Dealing with an emergency is stressful no matter what. Making sure that you and your loved ones can move safely out of the way is crucial. At some point, you may need to remove a cat from a dangerous situation immediately and safely. Here are a few safe ways to restrain a cat in the case of an emergency.
How to Safely Restrain a Cat in an Emergency
Scruffing is a way to subdue your cat while moving them out of harm's way. You have most likely seen a mother cat carry her young by the scruff of their neck (the skin on the back of their neck). When a mother cat does this it triggers a calming effect in most cats that make them docile and easier to handle and carry. By firmly planting the hand into the skin of the back of a cat's neck, it can have the same effect. (Scruffing is also an effective way to give a cat medicine.)
Do not carry a full-grown cat by the scruff of their neck, their neck is not strong enough to hold their body weight and carrying your cat this way can seriously hurt them. However, if you support the cats body while also scruffing them (pinching or squeezing the back of your cats neck) this can calm your cat and make transporting them out of harm's way easier in most cases.
The taco hold
The Taco Hold (coined by the ASPCA) is an effective way to carry and restrain your cat and protect yourself from scratches and bites. If you have a cat bed, fold the sides around the cat like a cape draped around their shoulders and then firmly hold the bed around the cat. This will help prevent the cat from kicking and scratching out of your grasp. Then you can use the scruffing technique to hold the back of their neck and subdue them.
If you do not have a cat bed handy but you have a towel or blanket, you can use that to restrain your cat. Ideally if you can lay the blanket flat, place the cat in the center of the towel and with the cat perpendicular to the longer sides of the towel or blanket. Pull one half of the blanket over the cat snuggly around their body leaving their head uncovered. Then fold over the other side, making a blanket cocoon or burrito for your cat to rest inside of. You can fold over the bottom half so that the cats rump is covered however you should never cover their head. Covering their head could potentially harm your cat by cutting off their airflow, in addition to frightening them. However, since their head is uncovered be aware that your cat can still bite, so scruffing can be helpful here too, or simply avoid putting your hands too close to their mouth.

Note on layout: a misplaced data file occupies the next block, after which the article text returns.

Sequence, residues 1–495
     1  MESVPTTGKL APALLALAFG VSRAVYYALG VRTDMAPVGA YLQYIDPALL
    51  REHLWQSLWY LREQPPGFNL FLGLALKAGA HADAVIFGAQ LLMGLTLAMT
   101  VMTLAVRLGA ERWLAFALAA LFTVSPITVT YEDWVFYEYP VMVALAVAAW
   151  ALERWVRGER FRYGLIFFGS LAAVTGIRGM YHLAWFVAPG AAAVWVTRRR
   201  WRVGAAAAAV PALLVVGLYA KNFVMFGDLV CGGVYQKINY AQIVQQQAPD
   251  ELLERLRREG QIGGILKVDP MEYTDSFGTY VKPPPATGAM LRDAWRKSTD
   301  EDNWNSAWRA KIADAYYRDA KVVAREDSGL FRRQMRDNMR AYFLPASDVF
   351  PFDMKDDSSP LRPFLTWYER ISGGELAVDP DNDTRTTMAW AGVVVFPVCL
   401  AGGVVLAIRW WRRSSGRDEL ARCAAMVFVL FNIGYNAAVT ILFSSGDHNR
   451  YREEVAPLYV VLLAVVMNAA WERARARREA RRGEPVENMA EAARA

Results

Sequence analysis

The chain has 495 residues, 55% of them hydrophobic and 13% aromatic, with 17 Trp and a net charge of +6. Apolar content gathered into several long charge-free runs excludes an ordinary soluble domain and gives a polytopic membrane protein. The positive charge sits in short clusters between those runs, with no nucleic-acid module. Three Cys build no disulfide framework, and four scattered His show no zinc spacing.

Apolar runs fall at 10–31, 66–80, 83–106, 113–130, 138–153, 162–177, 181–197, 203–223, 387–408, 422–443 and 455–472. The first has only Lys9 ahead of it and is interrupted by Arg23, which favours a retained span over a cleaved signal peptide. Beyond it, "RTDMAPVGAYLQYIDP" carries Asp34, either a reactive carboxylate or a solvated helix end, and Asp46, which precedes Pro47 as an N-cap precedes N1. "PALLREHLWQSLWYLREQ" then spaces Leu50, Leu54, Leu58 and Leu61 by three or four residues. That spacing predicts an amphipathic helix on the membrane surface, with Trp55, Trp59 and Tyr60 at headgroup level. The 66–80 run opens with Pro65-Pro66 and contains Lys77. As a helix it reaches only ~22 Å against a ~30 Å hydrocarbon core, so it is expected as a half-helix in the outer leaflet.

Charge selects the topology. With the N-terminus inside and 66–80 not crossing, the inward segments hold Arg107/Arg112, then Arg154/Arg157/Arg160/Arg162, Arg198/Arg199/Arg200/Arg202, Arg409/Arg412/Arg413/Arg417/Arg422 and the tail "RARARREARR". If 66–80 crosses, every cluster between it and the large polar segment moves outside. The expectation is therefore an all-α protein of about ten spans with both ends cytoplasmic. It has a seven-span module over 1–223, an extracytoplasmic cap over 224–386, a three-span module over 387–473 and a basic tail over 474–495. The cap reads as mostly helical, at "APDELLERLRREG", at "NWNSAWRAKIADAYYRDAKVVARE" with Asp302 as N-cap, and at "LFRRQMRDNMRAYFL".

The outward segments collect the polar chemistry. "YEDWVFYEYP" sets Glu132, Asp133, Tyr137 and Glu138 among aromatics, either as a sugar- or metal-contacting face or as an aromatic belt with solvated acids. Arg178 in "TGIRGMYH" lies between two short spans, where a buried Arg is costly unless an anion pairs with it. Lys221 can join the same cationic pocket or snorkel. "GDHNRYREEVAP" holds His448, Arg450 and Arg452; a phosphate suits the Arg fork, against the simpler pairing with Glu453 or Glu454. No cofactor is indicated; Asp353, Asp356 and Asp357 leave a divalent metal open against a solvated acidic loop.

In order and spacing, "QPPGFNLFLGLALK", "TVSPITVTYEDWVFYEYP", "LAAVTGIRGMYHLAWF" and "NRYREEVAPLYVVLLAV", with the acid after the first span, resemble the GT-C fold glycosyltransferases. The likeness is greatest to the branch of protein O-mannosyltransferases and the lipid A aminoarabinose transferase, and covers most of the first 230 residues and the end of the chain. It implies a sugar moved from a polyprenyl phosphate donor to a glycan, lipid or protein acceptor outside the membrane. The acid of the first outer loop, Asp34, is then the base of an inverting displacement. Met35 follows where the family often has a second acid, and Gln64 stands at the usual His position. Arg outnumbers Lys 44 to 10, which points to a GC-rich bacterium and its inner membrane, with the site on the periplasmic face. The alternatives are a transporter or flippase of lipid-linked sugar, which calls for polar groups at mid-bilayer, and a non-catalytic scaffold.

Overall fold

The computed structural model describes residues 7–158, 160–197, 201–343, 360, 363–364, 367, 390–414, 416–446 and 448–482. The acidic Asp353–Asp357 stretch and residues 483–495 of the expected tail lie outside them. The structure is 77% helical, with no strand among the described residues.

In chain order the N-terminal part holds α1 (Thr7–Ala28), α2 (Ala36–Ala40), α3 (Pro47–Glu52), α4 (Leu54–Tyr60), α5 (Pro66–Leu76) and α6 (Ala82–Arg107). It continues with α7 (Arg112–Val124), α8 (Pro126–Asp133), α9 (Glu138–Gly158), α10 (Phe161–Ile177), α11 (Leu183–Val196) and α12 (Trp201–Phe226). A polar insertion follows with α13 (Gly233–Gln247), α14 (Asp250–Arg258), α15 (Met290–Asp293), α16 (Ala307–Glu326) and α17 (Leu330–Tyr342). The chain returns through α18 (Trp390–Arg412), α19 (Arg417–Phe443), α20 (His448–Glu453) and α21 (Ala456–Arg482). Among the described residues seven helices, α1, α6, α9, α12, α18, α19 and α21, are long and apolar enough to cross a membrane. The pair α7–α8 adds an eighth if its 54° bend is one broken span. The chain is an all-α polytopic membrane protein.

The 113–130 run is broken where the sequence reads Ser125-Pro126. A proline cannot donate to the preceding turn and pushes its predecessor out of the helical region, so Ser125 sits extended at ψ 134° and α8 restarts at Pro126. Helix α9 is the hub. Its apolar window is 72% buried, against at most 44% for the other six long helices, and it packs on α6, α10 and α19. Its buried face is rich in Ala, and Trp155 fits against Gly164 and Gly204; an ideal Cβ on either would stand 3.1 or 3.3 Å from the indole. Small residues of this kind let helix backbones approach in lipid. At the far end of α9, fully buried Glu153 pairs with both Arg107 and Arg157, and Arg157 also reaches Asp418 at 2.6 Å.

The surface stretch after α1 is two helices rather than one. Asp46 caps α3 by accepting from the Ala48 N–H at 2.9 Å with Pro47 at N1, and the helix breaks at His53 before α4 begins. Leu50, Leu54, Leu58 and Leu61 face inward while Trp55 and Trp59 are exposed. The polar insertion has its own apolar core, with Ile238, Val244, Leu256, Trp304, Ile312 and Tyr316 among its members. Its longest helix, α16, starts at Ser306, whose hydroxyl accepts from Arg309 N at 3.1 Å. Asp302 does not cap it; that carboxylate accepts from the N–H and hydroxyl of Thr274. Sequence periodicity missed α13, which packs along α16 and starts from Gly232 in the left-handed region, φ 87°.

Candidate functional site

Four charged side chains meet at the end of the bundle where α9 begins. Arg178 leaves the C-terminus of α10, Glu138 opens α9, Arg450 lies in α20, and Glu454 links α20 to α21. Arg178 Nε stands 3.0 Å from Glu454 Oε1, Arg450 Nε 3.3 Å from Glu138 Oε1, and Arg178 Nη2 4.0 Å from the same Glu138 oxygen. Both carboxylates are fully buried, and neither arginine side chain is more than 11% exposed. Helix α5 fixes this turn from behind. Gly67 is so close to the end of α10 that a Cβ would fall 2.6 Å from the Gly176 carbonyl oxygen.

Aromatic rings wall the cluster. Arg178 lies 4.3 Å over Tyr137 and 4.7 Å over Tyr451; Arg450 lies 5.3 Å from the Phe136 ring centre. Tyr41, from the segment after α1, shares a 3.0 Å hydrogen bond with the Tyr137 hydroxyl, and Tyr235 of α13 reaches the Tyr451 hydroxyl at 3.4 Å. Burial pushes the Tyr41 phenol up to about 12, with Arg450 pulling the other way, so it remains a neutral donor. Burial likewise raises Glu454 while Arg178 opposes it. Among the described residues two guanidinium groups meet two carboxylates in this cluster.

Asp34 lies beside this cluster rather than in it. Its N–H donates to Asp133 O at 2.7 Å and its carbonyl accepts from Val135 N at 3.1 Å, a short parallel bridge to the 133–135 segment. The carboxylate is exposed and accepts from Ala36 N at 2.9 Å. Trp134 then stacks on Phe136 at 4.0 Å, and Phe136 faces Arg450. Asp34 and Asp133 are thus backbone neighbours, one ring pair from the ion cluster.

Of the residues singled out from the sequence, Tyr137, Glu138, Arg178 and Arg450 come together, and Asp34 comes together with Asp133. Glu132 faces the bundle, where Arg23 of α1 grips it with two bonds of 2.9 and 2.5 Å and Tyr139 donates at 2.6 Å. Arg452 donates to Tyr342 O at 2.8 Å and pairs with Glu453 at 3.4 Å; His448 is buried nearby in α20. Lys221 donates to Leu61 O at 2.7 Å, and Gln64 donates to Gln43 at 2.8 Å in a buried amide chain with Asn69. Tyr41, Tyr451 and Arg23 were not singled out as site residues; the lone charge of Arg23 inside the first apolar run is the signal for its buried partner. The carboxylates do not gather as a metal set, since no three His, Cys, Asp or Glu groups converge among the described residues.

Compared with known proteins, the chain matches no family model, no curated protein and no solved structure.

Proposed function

If this is an emergency where the cat is injured or in immediate harm's way, you can toss the thick blanket or towel over the cat and quickly pick them up inside the towel to move it. This is, of course, more dangerous since a cat can still scratch and bite through the cloth with this method, and it is more disorienting for the cat. As soon as you have moved the cat to a safer contained area, you should remove the blanket from covering the cats face.
If your cat can move on their own and you just need to lead them toward a specific direction (like in the case of an earthquake or traveling outdoors), you can purchase a harness specifically made for cats. A collar and a leash can hurt the cats neck or even strangle them, it is also far easier for a cat to slip out of a collar. A harness, on the other hand, offers a firm grip that is harder to escape while being a lighter restraint for your cat.
Once you have moved your cat, they might be anxious. If this is the case you can use some natural sedatives to help your cat calm down. Otherwise, the best way to help your cat remain calm is by staying calm and talking to them in a gentle soothing voice. Finally, once they are safe and feeling better be sure to give them a snuggle—if they want one.